Pieter Rombouts 1667-1740


This excellent maker was the son of Sibilla Barents who married Hendrik Jacobs in 1676. Pieter Rombouts thus became Jacobs' stepson. It is clear that already at an early age Rombouts must have come into contact with violin-making and assisted his stepfather with his work.
Pieter's hand is heavier, although he was a master at the treatment of the fluting and channelling which runs along the outlines of top and back. His purfling is wider, and although neatly done, it is rather less delicate than that of Jacobs. His heads also differ from those, made by his teacher, in that they are a little bolder of form. An interesting characteristic of his heads is their narrowness at the top of the back, widening considerably towards the lower end as is in the case with the works by the Carcassi brothers.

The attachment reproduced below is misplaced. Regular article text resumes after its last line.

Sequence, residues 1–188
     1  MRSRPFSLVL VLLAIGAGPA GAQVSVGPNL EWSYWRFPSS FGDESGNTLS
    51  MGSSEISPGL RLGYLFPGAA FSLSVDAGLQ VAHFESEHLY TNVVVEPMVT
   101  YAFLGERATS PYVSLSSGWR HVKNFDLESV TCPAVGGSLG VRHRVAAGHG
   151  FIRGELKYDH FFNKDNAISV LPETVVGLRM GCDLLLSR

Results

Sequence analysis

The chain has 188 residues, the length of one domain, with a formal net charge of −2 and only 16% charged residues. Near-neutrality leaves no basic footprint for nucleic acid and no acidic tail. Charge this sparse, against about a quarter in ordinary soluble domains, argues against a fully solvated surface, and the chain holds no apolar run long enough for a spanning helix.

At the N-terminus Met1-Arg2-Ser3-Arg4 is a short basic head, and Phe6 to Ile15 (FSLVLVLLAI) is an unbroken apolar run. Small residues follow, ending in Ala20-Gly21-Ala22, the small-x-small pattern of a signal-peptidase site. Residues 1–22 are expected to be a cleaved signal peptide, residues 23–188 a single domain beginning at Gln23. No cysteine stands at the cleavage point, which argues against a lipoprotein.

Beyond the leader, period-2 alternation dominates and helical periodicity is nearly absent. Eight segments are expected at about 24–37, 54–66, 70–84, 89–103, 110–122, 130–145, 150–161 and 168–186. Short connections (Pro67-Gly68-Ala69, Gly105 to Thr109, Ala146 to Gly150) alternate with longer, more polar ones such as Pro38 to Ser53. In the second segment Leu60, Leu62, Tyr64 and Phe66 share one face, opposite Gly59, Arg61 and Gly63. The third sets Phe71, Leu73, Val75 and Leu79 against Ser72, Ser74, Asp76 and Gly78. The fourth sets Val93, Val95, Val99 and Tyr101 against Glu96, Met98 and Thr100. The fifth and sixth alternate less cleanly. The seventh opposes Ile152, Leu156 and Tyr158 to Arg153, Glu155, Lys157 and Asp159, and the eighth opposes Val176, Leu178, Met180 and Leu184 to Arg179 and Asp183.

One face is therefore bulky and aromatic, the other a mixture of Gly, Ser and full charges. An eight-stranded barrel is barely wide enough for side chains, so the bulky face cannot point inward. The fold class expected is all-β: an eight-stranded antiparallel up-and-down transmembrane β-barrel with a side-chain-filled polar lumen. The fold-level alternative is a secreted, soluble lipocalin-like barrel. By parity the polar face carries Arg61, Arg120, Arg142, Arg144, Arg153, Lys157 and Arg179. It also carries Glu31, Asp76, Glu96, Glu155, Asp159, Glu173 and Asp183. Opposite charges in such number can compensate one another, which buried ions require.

Rombouts has also made a number of fine violas and viola da gambas. A beautiful specimen (dated 1708) of the latter is on show at the Municipal Museum at the Hague. Its marvellously preserved light red varnish is particulary striking and reminiscent of the finest early-Italian varnishes. Of special interest is his label which has not been printed with a wooden block like the labels of the majority of the old masters, but - judging by its outstanding clear characters, an engraved metal block must have been used. Of the Dutch masters, Gosewijn Spijker too, used to use an elegant calligraphed metal block.

From: The Violin-makers of the Low Countries, by Max Möller, Amsterdam (1955)